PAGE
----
The name Andaman presumably comes from Handuman, which is Malay for the Hindu god Hanuman. The name Nicobar is Malay for land of the naked (people). There was a prison here in the British rule. The Indians imprisoned here referred to the Island and its prison as "Kala Pani".

Superb, near-deserted beaches, incredible corals and marine life, an intriguing colonial past and the remnants of a Stone Age culture lure travelers to these mysterious islands, 1000 km off the east coast of India in the Bay of Bengal.

Of the various places offering Scuba Diving in India, Scuba Diving in Andaman is one of the most scenic with crystal clear water and coral reefs teeming with fish and other water based wildlife that you might not see anywhere else in this region. These are all offered by Pugmarks under the Andaman Tour Packages.

Objective of the Andaman Tour Packages Camp :

This camp serves dual purpose. Learning about the natural history of the rainforests on these islands is fascinating. Anthropology is an added input – learning about the aboriginal communities – some of them having no linkages to the modern civilization. The marine life is the other fascinating facet of Andaman’s.

Geography of the Andaman :

The Andaman and Nicobar Islands comprise around 572 islands (only 36 islands are inhabited) formed by a submarine mountain range, which separates the Bay of Bengal from the Andaman Sea. The islands attain maximum altitude at Saddle Peak (730 m), formed mainly of limestone, sandstone, and clay.

Andaman and Nicobar Islands are located in the Bay of Bengal. This group of 572 islands lies 193 km away from Cape Negrais in Myanmar, 1255 km from Calcutta, and 1190 km from Chennai.

Andaman and Nicobar Islands is now a relaxed tropical island outpost that belongs to India but is geographically closer to Southeast Asia. The Andaman Islands are a group of islands in the Bay of Bengal, and are part of the Andaman and Nicobar Islands Union Territory of India. Port Blair is the chief community on the islands, and the administrative centre of the Union Territory. The Andaman Islands form a single administrative district within the Union Territory, the Andaman district (the Nicobar district was separated and established as a new district in 1974).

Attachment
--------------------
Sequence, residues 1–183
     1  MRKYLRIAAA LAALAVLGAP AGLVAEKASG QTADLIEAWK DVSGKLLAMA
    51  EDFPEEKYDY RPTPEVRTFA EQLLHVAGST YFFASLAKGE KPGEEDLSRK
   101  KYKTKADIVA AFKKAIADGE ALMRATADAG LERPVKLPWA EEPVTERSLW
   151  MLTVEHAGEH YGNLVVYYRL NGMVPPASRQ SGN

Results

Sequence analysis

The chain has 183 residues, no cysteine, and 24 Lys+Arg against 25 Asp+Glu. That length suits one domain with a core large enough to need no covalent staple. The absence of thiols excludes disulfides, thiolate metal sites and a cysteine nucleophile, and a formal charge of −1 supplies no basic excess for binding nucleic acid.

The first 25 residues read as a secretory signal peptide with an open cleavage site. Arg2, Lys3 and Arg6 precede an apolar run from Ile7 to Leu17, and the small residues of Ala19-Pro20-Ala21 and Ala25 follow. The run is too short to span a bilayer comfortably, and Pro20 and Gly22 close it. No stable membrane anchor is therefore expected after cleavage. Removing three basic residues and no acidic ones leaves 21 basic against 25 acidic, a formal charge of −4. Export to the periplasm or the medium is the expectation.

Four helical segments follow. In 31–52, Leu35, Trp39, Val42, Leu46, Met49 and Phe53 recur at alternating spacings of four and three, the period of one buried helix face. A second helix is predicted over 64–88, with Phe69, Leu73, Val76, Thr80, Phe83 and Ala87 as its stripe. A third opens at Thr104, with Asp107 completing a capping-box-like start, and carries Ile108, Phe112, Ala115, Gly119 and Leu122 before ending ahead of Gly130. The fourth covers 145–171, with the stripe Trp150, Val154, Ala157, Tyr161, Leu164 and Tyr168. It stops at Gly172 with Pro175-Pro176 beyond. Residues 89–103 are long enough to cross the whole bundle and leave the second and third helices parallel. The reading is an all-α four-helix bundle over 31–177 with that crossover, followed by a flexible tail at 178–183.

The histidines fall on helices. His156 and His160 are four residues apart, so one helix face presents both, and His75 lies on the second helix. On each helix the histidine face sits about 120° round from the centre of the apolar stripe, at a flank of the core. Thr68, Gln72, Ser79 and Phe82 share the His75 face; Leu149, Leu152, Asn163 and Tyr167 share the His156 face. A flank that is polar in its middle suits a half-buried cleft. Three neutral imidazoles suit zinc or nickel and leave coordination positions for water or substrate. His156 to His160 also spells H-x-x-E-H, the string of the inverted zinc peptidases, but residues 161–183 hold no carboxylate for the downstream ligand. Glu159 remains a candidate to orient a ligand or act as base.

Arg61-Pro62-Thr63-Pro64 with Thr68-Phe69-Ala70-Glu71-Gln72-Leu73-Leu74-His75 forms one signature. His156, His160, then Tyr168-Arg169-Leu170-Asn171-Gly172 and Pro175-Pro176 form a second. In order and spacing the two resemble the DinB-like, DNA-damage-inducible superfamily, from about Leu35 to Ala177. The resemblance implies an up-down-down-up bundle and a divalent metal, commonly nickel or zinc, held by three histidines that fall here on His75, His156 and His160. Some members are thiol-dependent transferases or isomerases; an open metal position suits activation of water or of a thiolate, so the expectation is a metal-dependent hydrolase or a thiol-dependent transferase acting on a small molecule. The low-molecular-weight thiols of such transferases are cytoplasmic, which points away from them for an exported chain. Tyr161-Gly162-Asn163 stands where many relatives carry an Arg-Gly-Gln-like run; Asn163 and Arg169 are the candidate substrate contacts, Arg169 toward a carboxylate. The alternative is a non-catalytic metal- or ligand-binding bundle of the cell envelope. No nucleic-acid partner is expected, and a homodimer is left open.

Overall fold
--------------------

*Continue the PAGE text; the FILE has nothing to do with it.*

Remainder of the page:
The Andaman’s Camp takes the participants to the exotic islands of Andamans. They are exposed to the tall and lofty Harriet National Park. The rain forests here are imposing and give an insight to the ecology here. The Cellular jail visit leads the group to the tormented time that the prisoners faced. Neel Island gives an opportunity to peep into the marine wonderland. Snorkeling and also optional Scuba diving are both a life time opportunity.


The Andaman Islands are home to a number of animals, many of them endemic.


The island's endemic mammals include

Andaman spiny shrew (Crocidura hispida)

Andaman shrew (Crocidura andamanensis)

Jenkins' shrew (Crocidura jenkinsi)

Andaman horseshoe bat (Rhinolophus cognatus)

Andaman rat (Rattus stoicus)

The banded pig (Sus scrofa vittatus), also known as the Andaman wild boar and once thought to be an endemic subspecies, is protected by the Wildlife Protection Act 1972 (Sch I). The spotted deer (Axis axis), the Indian muntjac (Muntiacus muntjak) and the sambar (Rusa unicolor) were all introduced to the Andaman islands

Interview Island (the largest wildlife sanctuary in the territory) in Middle Andaman holds a population of feral elephants, which were brought in for forest work by a timber company and released when the company went bankrupt. This population has been subject to research studies.


Endemic or near endemic birds include :

Spilornis elgini, a serpent-eagle

Rallina canningi, a crake (endemic; data-deficient per IUCN 2000)

Columba palumboides, a wood-pigeon

Macropygia rufipennis, a cuckoo dove

Centropus andamanensis, a subspecies of brown coucal (endemic)

Otus balli, the scops owl

Ninox affinis, a hawk-owl

Rhyticeros narcondami, the Narcondam hornbill

Dryocopus hodgei, a woodpecker

Dicrurus andamanensis, a drongo

Dendrocitta bayleyii, a treepie

Sturnus erythropygius, the white-headed starling

Collocalia affinis, the plume-toed swiftlet

Aerodramus fuciphagus, the edible-nest swiftlet

The islands' many caves, such as those at Chalis Ek are nesting grounds for the edible-nest swiftlet, whose nests are prized in China for bird's nest soup.

Reptiles and amphibians

The islands also have a number of endemic reptiles, toads and frogs, such as the South Andaman krait (Bungarus andamanensis) and Andaman water monitor (Varanus salvator andamanensis).

There is a sanctuary 45 miles (72 km) from Havelock Island for saltwater crocodiles. Crocodiles are not only found within the sanctuary, but throughout the island chain in varying densities. They are habitat restricted, so the population is stable but not large. Populations occur throughout available mangrove habitat on all major islands, including a few creeks on Havelock. The species uses the ocean as a means of travel between different rivers and estuaries, thus they are not as commonly observed in open ocean.